October Flavors

October is my favorite month.

Autumn finally regales us with her glory, as she enrobes herself in a cloak of fiery color and shakes out her hair in a flurry of damp, chill breezes.

The nights grow subtly longer, and crickets, nightbirds and toads sing a lullaby to summer as clouds skitter across the somber face of the moon.

Crisp atumnal air calls out for deep, assertive flavors, a prelude to the heavier meals of winter when all the world sleeps, and our bodies crave comfort and warmth.

Root vegetables arise from the fecund earth, filled with sweetness, thier skins in jewel tones from amber to amethyst to rubine; the late fruits of the now-drooping tomato plants glimmer like smooth jade. Russet-skinned apples and pears hide honey-sweetness beneath thier dull skins like secrets held close to the heart of a confidante. The cool nights coax autumn greens into unfurling verdant leaves to the sky, thier flavors a suble blend of bitter salt tears and pungent pepperiness that is tempered by a kiss of sugar that appears magically after the first frost.

Pork lends itself perfectly to the seasonal fruits and roots of October, and is as at home in the autumn kitchen as it is on the summer grill.

A simple spice rub and dusting of flour before sauteeing pork loin chops brings out their flavor, while a pan sauce of reduced wine, vegetable broth, soy sauce and honey creates a sparkling russet glaze that enrobes the meat in moisture. On another night, apple cider replaces the wine and dried cranberries will add a piquant note of whimsy to a dish which is always good, but never tastes exactly the same way twice.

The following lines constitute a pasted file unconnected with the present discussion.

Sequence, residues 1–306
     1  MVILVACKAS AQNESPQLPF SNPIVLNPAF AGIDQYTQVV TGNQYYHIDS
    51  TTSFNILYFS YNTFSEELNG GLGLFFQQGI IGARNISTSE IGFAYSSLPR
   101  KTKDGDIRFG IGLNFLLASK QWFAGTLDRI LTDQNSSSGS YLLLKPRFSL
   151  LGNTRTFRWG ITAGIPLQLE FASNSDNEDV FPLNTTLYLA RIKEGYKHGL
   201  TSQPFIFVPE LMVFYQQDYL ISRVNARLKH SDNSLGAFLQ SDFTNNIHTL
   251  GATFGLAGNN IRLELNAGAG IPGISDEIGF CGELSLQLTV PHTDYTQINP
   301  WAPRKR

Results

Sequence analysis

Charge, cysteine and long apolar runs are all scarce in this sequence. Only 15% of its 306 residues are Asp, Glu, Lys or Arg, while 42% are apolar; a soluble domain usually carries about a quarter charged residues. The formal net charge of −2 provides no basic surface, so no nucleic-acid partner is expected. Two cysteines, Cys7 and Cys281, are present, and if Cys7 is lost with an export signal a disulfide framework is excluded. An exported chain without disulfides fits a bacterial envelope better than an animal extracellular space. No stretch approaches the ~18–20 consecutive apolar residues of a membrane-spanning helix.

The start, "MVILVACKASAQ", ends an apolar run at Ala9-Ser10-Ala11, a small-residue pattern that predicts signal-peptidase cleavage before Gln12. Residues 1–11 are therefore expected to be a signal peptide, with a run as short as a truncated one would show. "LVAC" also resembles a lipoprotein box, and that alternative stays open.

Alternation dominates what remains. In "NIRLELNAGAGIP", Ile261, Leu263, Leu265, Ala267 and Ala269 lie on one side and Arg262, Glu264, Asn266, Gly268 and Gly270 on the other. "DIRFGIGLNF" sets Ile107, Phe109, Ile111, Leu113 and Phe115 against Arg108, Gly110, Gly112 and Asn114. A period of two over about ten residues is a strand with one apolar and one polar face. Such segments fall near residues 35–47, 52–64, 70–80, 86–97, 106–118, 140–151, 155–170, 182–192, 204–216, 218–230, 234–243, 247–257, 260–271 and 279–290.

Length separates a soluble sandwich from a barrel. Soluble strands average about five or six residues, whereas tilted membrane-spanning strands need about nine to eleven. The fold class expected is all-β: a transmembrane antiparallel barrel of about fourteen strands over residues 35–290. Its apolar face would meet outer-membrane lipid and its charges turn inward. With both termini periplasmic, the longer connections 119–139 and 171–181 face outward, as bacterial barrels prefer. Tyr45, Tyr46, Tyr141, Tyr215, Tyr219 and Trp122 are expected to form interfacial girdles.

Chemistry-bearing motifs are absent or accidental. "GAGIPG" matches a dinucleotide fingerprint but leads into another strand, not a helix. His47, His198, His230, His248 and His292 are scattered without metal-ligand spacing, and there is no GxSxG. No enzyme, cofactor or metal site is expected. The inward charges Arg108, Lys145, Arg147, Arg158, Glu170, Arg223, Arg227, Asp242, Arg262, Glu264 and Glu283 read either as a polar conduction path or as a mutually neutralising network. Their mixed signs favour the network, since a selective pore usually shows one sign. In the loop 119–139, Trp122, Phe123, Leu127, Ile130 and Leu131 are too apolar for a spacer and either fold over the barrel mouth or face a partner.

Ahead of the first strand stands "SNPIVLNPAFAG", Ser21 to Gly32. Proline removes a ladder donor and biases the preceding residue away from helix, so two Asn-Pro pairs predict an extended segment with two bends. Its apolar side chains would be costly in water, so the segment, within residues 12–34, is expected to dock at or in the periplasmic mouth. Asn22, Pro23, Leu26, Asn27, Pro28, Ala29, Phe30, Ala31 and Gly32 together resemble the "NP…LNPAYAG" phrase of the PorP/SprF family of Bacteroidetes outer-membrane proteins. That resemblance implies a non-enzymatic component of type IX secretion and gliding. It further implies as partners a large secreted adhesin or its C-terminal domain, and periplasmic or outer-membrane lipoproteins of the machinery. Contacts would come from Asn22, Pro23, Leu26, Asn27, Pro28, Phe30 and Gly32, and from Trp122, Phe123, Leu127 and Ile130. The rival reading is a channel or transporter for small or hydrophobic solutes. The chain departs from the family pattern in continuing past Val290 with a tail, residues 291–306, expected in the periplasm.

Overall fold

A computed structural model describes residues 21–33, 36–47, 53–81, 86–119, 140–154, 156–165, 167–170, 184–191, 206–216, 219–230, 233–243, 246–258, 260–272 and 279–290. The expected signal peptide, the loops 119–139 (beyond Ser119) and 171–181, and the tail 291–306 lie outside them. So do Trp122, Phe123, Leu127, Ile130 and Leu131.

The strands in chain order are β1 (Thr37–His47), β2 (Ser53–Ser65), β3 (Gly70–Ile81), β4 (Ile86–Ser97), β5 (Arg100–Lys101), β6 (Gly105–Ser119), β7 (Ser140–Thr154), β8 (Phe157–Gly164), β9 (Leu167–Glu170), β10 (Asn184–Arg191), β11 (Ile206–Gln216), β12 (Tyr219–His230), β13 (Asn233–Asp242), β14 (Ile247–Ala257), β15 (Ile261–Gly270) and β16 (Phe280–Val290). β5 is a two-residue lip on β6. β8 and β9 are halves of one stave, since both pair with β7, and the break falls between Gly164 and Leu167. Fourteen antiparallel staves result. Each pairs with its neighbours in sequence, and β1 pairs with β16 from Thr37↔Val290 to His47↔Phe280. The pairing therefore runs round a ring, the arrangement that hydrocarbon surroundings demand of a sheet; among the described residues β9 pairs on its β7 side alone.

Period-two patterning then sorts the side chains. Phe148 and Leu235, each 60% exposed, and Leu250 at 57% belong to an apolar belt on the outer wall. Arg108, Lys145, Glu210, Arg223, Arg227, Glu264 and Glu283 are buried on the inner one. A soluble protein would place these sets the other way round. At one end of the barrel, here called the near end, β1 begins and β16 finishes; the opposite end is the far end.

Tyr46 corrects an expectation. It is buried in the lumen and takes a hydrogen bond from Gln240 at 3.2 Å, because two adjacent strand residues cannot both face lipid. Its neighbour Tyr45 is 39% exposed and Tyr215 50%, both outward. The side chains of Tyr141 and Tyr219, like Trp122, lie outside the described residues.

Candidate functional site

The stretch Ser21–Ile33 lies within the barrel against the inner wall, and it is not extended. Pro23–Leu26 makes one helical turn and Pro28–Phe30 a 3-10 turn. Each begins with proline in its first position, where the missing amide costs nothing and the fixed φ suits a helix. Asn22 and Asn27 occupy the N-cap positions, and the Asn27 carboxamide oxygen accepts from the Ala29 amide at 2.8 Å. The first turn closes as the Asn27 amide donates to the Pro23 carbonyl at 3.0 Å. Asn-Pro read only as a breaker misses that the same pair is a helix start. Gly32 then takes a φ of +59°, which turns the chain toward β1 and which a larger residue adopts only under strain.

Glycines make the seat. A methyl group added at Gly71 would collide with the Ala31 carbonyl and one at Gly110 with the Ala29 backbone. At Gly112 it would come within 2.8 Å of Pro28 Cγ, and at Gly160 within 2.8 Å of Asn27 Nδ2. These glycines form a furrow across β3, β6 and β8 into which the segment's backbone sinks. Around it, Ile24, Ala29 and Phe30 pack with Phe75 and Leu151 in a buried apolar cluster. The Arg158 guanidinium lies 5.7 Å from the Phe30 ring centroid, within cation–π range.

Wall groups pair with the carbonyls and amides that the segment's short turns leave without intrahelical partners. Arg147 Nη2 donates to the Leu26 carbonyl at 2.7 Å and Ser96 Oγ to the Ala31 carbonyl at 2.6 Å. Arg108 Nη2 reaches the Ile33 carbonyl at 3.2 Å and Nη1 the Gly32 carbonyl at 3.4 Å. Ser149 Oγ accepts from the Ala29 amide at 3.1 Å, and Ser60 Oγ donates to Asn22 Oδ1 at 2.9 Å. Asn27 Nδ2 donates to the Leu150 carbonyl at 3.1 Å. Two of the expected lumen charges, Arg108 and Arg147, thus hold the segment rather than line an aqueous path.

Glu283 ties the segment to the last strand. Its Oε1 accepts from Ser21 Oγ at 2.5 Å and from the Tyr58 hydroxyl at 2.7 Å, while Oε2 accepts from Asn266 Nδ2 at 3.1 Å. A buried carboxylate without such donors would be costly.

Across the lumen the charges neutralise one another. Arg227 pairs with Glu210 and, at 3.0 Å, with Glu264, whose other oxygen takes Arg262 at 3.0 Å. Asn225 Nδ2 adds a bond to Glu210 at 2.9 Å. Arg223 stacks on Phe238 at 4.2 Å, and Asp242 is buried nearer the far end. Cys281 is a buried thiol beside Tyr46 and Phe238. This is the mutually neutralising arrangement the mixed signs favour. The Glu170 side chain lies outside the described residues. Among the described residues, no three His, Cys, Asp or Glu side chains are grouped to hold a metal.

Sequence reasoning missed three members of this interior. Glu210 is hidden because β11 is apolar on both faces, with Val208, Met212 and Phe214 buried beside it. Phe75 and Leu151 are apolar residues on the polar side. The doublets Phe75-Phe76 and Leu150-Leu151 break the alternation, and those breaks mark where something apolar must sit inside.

Versatility in the kitchen relieves boredom of the palate.

When I was a child, I had a love-hate relationship with beets. I loved the color of them; the garnet-wine hue was intensely attractive to me, and I liked the way that they turned transluescent when they were cooked and glowed on a white plate like rondels of stained glass.

But I hated the way that they tasted. I didn’t even like them pickled, though I loved helping Grandma when she put them up in jars, glistening in rows like gemstones captured in glass. I liked the smell of them, and the way the juice stained our hands pink; my eyes ate the vivid color of them, but my tongue would have nothing to do with them. I tried them every year and hated them, until one year, sixteen years ago, I began to crave them.